“We get to cheer up the kids every day; even though we haven’t made any money, we’ve just been trying to get out there to make people happy,” Dylan Chin (12) said. “That sounds so cliche, but I mean it.”
Over the last couple of weeks, Chin has been helping his stepfather, Andrew Hammer, perform online comedy acts for children.
Hammer, a professional clown, performs at hospitals, birthday parties, and other events, he said. “I was a humorous child growing up, pretty funny, and the class clown,” Hammer said. He later went on to study acting, directing, and playwriting at NYU, but once he graduated, he couldn’t settle on a job.
“I could’ve been an actor, gotten a day job, but I didn’t want to do any of that stuff,” Hammer said. “I wanted to have a performance oriented job, and that’s when a friend of mine contacted me saying a clown agency was hiring.” Twenty-five years ago, he quit the company and started his own brand, “Loony Lenny,” which he says has helped him start working with hospital work and non-profit organizations, he said.
Normally, Hammer performs live at hospitals, such as the Maria Ferrari Children’s Hospital in Westchester and at birthday parties. About three weeks ago, Hammer was told by the hospitals where he performed his shows that he could not continue to do so for the time being, given the current circumstances of the coronavirus pandemic. Hammer now live-streams his show on Facebook and YouTube, where he does several magic tricks and interacts with his viewers. Despite his success on Facebook and Youtube, he wants to begin broadcasting his show on hospital TVs for patients to enjoy.
“When the hospital stuff stopped, I had this idea to perform on Zoom,” he said. Currently, hospitals are facing their own challenges due to the overload of patients, and many sick children have been stuck in their rooms all day. However, due to privacy reasons, Hammer can’t begin livestreaming on hospital TVs yet, but he plans on working with these hospitals to find a solution for the future.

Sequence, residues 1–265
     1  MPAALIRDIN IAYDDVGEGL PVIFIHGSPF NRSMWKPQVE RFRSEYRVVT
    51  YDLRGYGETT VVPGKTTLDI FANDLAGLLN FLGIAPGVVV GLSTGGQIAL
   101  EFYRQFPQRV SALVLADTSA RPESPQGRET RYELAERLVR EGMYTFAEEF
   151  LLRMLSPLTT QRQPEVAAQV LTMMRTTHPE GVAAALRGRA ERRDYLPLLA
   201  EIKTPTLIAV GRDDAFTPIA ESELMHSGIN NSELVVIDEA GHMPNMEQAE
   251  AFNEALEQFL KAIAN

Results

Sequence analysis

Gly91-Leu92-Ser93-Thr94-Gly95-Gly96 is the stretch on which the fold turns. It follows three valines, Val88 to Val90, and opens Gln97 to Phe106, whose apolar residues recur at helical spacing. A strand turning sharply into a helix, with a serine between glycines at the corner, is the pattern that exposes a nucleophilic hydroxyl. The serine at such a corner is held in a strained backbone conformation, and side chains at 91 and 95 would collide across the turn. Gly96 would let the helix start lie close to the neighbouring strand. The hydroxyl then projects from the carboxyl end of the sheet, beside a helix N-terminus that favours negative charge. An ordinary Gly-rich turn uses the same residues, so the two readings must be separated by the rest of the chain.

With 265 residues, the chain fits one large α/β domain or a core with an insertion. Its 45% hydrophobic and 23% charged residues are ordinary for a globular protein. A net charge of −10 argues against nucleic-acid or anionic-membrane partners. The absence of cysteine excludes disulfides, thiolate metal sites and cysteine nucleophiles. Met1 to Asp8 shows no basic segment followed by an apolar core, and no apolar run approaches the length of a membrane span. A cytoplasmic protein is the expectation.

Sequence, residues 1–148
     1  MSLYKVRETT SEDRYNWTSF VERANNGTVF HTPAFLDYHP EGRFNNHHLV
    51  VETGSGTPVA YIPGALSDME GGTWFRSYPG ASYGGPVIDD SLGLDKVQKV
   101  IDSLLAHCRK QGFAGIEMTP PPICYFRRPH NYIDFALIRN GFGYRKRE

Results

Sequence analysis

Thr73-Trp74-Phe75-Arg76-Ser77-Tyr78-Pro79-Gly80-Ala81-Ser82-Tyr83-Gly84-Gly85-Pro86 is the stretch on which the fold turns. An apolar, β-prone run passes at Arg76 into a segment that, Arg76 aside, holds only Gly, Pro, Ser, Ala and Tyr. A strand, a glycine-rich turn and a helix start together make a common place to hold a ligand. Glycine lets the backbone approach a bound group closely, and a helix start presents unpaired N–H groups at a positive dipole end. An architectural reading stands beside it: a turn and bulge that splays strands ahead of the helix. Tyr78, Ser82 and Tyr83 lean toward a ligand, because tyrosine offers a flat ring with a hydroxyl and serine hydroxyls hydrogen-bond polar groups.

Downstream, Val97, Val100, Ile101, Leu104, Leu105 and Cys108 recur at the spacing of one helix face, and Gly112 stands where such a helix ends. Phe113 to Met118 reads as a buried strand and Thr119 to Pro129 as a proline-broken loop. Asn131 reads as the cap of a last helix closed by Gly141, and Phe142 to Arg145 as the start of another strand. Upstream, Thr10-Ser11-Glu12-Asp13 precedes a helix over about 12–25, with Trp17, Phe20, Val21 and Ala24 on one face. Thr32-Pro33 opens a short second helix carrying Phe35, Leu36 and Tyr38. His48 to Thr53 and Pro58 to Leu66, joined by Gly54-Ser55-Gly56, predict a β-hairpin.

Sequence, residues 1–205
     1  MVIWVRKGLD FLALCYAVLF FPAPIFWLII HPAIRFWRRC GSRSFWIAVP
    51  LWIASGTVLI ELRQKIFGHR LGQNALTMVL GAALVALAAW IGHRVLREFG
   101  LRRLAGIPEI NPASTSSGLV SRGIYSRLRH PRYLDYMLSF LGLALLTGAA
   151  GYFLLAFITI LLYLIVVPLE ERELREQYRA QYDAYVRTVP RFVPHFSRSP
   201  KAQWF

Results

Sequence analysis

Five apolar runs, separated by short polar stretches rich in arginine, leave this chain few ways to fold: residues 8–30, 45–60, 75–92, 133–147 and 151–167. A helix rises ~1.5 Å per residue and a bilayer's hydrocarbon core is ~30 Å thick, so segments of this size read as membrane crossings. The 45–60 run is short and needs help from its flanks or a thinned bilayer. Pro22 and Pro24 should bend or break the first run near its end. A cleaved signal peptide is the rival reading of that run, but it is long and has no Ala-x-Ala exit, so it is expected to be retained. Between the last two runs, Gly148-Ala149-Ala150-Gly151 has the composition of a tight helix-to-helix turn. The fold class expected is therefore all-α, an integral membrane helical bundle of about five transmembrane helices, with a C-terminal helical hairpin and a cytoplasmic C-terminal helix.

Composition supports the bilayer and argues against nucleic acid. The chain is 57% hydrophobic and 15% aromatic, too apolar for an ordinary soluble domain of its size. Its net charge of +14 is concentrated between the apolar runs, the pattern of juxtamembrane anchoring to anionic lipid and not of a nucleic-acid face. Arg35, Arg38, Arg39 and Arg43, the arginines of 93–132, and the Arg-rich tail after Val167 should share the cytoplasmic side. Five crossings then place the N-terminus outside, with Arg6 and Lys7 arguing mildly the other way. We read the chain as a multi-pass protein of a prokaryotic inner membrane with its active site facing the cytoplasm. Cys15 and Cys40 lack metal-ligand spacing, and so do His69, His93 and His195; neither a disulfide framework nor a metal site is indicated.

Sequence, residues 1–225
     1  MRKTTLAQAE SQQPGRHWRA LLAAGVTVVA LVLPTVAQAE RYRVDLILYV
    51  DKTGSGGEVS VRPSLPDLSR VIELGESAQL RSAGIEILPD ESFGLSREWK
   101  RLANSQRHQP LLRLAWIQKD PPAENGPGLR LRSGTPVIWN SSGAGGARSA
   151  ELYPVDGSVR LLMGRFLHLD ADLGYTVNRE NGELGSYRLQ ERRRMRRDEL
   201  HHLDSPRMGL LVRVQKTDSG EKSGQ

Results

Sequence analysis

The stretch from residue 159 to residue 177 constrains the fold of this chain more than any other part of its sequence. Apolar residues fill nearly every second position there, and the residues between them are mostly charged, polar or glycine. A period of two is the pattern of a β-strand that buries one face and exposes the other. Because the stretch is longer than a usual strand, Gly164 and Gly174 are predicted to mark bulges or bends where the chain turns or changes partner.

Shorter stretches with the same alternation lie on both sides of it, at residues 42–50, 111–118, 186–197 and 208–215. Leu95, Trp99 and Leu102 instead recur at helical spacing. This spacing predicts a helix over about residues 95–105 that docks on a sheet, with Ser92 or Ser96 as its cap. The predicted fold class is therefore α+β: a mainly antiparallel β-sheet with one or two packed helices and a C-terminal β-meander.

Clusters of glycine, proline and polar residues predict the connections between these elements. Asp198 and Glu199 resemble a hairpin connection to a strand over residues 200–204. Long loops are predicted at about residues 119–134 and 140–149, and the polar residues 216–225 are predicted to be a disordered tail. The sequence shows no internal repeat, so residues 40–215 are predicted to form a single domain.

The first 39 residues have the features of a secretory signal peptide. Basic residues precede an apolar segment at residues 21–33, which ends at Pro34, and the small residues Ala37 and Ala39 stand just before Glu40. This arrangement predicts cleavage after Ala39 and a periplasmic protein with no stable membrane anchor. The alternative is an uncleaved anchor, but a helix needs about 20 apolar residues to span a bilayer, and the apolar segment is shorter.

“It’ll be easier for everyone to engage once the hospital system becomes more balanced, but right now everything is out of whack,” Hammer said. “I am putting out what I can so people can enjoy it, and I just hope that eventually I can do Zoom Therapy, so I can build a relationship with the kids over time. I’ve known some of these kids in this hospital for a year or more, and I want to keep the relationships going.”
Recently, Chin has been assisting his step dad with creating content for the show and has been setting up the Looney Lenny Youtube channel as well as the Facebook live streams. “Dylan is part of the idea team – he brainstorms what [tricks] to do. He also sometimes comes on to camera to assist with my tricks, and he helps behind the scenes with filming,” Hammer said.
During one Facebook livestream, Chin dressed up as Looney Lenny, looking identical to his stepfather, and pretended that the audience was seeing double, Chin said. “I was trying to create a mini Loony Lenny for a trick, so I had Dylan appear on the screen and we started arguing about who is the real Loony Lenny,” Hammer said. “It was really funny, and I got a lot of laughs on the live as we were fighting over who was who.”
“Though one day we might be able to be monetized on Youtube, we’re just focused on cheering up the kids,” Chin said. “Seeing [my stepdad’s] energy and how fun performing is has always made me feel like this is something I also want to do.”